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I love all these brilliant exchange from GRP writers and readers about Duterte’s “War on Drugs,” and how he’s being trivialized by local and foreign organizations with the way he’s handling it. Each time I read the articles and comments about the “War on Drugs,” the topic is always about the same major characters (Duterte, De Lima, the Aquinos) and the political bandwagons that they belong to that affect our country and people—so we think. Isn’t it about time for us to change the lenses on our cameras, shoot from different angles, and start highlighting the minor characters that may… Read more »

I hope UN imposes sanctions to PH. We dont need their help anyway. Screw them and all other countries.

yellowed out GRP reader
yellowed out GRP reader
Rishi Iyengar writes for Time magazine and graduated from Columbia University (according to his Twitter profile), but the way he argued his assertion that drugs are not really a serious problem in the Philippines is so amateurish that you would think a college intern wrote his article if you took away the Time logo and hid his “credentials”. Consider what Iyengar wrote: “When it comes to illicit opioid use, the Philippine prevalence rate is just 0.05, compared to 5.41 in the U.S., and 3.30 in Australia. For cocaine, the Philippine figure is only 0.03. In the U.K., it is 2.40,… Read more »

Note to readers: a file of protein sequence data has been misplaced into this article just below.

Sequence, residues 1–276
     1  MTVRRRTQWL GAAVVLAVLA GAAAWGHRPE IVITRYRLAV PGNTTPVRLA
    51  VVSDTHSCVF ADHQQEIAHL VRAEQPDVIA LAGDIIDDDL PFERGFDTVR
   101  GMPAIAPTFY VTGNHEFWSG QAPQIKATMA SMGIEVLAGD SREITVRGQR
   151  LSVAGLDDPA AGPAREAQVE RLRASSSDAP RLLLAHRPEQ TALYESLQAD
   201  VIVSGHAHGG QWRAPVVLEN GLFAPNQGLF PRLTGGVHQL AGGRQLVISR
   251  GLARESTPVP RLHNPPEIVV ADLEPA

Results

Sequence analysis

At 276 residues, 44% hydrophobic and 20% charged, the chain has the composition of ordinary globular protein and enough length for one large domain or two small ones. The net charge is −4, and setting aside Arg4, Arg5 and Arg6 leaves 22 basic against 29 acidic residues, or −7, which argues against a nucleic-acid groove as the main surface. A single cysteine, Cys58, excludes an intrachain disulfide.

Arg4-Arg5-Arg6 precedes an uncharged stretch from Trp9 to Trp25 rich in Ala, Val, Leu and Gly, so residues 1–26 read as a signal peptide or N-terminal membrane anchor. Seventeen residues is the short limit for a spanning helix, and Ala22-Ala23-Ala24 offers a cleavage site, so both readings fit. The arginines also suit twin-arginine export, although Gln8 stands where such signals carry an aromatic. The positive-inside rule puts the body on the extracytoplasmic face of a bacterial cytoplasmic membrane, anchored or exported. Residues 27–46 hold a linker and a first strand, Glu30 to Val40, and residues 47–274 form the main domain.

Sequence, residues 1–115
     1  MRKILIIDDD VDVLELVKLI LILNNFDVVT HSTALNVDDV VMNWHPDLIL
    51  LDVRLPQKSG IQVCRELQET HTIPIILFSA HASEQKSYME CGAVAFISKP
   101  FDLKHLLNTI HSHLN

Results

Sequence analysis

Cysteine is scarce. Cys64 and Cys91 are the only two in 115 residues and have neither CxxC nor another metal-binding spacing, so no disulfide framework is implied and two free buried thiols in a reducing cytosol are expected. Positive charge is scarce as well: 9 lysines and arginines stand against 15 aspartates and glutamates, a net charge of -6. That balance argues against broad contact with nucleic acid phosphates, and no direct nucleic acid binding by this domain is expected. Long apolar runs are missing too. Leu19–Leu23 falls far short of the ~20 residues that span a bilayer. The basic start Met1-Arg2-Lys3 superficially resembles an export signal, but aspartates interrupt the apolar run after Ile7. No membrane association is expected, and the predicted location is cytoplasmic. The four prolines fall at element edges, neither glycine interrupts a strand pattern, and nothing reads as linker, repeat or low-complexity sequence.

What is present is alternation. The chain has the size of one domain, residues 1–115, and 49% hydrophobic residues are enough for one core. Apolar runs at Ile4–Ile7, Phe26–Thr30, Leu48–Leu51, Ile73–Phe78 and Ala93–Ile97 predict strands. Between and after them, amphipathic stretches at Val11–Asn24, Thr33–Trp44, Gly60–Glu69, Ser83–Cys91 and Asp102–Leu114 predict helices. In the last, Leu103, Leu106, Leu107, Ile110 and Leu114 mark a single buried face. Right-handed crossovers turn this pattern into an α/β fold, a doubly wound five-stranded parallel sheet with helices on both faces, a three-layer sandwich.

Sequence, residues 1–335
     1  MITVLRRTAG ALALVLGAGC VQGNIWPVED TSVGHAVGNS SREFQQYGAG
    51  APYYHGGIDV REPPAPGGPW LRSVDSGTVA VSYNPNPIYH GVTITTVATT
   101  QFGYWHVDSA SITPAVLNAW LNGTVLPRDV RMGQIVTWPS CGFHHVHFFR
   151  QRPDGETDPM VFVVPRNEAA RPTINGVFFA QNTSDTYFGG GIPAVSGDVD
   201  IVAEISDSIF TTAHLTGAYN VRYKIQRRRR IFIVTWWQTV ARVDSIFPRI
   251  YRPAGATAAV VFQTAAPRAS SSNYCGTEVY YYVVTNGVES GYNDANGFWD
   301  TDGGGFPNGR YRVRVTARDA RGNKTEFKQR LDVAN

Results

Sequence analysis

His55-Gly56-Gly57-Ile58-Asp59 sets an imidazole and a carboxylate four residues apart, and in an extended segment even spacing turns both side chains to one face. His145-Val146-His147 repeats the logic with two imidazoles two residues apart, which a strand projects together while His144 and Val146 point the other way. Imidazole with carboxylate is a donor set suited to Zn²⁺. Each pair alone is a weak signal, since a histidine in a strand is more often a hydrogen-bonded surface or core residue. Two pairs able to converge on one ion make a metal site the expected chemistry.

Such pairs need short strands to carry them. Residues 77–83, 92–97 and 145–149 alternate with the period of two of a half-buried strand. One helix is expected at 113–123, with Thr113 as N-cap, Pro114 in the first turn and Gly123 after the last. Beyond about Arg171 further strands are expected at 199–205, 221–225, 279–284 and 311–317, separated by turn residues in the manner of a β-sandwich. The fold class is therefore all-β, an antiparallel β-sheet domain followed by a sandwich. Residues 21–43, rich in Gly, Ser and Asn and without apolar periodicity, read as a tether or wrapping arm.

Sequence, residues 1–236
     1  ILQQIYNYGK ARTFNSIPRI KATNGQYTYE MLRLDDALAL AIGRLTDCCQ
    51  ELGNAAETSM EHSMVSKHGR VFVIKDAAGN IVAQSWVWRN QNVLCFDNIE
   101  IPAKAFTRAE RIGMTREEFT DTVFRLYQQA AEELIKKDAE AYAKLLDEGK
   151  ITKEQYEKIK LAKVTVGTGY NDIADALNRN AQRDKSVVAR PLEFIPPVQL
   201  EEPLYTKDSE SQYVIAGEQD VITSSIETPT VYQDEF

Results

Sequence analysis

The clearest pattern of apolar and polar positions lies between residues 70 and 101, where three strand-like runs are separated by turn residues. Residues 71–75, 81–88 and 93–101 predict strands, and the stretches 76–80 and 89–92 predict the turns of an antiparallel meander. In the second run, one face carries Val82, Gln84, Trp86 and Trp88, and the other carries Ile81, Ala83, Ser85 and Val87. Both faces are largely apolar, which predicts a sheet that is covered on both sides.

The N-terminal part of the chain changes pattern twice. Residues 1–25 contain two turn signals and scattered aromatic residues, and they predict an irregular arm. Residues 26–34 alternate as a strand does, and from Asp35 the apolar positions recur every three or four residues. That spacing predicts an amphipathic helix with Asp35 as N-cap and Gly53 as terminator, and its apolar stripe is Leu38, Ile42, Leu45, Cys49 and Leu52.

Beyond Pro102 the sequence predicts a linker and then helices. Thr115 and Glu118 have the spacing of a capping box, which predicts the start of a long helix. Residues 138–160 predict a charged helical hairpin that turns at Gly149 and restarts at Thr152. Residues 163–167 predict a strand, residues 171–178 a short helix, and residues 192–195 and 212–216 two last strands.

American Media serves the American interests , not the interests of the Filipinos. This was the reason Marcos, Sr. , was demonized by the American Press, when he was against the extension of the American bases in the Philippines. The U.S. used the Aquinos, to promote their interests in the Philippines. The same way, the Japanese Imperialists invaders, used Benigno Aquino, Sr., as a tool to pacify the occupied Filipinos, during the Japanese occupation. De Lima is a Drug Lord protector. The writer of the Times Magazine, using De Lima as a source of his article; is like using the… Read more »

It is quite obvious that there is a massive All out Propaganda war globally to attack Prez DU30. International Media is currently obsessed in demonizing DU30, one false move and we will end up like Syria.


Beware of those who criticize you when you deserve some praise for an achievement, for it is they who secretly desire to be worshiped.


Perhaps the depiction of Philippine drug problem closest to reality:

the drugs scourge is not some mole on the backside of society – it is a gangrene that needs to be removed for the rest of the organism to survive. there ain’t no such thing as a ‘recreational drug’ – whether it’s tobacco, alcohol, cocaine, shabu, synthetic drugs – they all degrade the immune system, bring the user to a zombie state, and the pusher to a vulture, and do nothing to enhance the beauty of just a natural high. if Philippines is ever to come home from the Olympics some day with a bagful of gold, it’ll be done… Read more »